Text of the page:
The children's radio diary programmes are available as:
isiZulu unless otherwise indicated
with photographs and English subtitles
- We recommend you download audio-visual files prior to viewing.
- To view the audio-visual programmes on PC, you will need Adobe Flash Player.
- On Mac, open in your browser or download Eltima Flash Player.
- Please adhere to the guidelines for the broadcast and use of the programmes.
Mbali’s parents died when she was very young. Now 13 years old, she begins a difficult journey to find out what she can piece together about them from relatives who knew them.
Growing up as one of the only boys in a large homestead of relatives, 12-year-old S’fundo sheds light on collaborative living and survival, and explains how he was his mother’s lesson.
Twelve-year-old Promise was devastated when her uncle died in 2004. She remembers him being at the heart of their home - as does her grandmother, who they both lived with at the time.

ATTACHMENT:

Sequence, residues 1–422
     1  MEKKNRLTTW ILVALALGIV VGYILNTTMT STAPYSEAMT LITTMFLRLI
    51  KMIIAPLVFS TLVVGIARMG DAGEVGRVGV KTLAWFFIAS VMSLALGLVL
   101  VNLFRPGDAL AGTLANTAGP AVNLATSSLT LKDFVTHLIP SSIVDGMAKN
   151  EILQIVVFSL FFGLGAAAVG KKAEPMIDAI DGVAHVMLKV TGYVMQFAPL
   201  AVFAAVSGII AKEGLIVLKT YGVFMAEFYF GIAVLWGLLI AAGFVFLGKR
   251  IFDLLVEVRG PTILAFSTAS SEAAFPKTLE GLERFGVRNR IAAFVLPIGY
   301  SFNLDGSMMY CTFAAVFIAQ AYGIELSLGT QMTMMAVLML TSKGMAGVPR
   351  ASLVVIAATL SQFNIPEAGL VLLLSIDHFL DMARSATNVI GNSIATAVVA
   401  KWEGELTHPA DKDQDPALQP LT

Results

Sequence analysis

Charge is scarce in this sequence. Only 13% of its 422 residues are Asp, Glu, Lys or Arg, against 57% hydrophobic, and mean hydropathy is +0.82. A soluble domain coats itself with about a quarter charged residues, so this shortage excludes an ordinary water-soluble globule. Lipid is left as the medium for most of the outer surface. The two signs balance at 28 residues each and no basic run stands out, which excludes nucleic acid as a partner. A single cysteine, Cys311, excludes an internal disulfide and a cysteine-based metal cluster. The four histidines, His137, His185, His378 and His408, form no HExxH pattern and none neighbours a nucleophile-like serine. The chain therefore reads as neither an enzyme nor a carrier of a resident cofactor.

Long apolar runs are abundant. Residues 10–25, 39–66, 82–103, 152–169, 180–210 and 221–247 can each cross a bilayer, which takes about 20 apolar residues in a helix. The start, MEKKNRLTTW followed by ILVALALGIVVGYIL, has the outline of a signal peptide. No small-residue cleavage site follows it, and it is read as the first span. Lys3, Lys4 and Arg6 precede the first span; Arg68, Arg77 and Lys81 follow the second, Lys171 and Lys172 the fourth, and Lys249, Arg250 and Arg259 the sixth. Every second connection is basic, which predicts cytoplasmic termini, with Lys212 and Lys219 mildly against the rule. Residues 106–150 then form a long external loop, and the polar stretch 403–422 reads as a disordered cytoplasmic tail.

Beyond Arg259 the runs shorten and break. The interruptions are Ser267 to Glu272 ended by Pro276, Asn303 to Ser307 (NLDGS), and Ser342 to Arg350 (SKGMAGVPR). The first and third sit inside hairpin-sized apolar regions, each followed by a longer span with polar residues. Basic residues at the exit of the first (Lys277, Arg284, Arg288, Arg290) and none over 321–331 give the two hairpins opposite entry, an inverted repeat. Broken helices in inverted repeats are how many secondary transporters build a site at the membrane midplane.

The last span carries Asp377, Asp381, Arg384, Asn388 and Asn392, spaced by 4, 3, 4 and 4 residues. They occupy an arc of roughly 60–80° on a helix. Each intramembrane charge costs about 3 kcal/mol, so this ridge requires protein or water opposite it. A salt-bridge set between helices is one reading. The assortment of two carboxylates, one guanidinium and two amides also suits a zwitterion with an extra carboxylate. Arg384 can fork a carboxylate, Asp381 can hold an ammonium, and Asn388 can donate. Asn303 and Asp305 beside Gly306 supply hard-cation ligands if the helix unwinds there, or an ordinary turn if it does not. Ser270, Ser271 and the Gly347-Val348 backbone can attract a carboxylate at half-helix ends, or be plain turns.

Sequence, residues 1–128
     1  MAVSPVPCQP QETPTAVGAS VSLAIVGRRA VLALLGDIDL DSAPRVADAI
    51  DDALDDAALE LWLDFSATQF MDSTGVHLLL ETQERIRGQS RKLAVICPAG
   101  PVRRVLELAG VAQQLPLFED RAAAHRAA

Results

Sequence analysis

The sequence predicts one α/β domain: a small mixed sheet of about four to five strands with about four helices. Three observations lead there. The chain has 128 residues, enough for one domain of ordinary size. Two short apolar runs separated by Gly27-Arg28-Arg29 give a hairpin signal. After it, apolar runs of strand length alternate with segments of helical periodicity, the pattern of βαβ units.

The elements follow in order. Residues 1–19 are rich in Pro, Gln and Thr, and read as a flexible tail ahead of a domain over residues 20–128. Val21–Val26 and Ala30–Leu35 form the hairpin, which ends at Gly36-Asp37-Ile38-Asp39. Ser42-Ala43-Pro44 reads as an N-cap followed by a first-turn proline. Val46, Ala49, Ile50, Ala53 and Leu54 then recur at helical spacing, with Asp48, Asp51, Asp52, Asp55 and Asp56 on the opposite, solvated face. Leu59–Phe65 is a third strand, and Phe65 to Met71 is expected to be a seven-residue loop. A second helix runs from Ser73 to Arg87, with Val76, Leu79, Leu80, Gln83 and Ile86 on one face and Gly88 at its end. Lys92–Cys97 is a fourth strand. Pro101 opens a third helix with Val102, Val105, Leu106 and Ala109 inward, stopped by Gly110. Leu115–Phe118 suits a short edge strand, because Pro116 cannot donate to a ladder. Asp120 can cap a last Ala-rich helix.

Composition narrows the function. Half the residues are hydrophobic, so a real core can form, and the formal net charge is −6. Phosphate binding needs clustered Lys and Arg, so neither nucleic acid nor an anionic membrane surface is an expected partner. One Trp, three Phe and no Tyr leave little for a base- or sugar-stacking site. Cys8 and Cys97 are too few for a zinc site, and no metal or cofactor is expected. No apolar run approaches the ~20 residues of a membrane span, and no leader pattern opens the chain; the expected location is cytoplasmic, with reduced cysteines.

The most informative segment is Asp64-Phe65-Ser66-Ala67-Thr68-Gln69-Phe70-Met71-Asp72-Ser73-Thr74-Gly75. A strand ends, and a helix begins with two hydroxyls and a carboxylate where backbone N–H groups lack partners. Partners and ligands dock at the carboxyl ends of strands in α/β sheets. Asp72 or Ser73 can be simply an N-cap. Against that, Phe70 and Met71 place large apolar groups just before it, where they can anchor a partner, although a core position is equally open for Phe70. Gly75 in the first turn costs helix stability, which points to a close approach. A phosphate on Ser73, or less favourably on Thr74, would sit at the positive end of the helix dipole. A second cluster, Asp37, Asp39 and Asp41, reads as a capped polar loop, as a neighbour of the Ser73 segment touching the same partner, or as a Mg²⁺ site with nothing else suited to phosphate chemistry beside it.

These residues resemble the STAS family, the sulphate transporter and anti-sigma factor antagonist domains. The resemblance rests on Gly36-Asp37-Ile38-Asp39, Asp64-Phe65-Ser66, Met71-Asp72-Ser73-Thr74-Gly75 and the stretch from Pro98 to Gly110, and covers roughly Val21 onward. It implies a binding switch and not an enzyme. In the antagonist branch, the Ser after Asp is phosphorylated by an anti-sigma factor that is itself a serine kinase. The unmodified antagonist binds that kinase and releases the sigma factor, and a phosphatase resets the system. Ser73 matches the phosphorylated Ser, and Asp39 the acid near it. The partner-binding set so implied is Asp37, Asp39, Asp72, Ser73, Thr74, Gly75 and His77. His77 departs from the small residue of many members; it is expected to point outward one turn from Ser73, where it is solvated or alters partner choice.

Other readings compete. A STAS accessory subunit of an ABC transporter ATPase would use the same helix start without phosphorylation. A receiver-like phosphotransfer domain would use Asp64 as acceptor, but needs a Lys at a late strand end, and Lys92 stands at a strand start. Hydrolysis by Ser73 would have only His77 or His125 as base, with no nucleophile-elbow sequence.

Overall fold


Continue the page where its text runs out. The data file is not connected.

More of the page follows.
Twelve-year-old Sinenhlanhla is a twin. A twin who is especially grateful for the support of her sister and her loving mother after the unexpected death of her father.
Living in a community hard hit by the AIDS epidemic, 12-year-old Nobuhle wonders why it is that adults don’t tell children when someone has HIV.
In the far north-east corner of South Africa, close to the Mozambique border, children grow up amidst extensive poverty and a fierce HIV epidemic. Like so many others, the children who made this programme live through these stark realities with remarkable spirit. Here they share their world and some of their stories.
This short programme draws together snippets of the full English-language programme. Prettygirl and Lindo share stories of life after the death of a parent, while Zama takes us to the pump to fetch water.
Prettygirl deeply misses her mother who died of an AIDS-related illness a few years ago. Unlike many other parents she told her daughter that she had AIDS and asked her to take care of her younger sister, Nomvula. Here the 11-year-old describes what an ordinary day entails for her, living with her elderly great-grandparents. The programme is compiled from excerpts of the full English-language programme.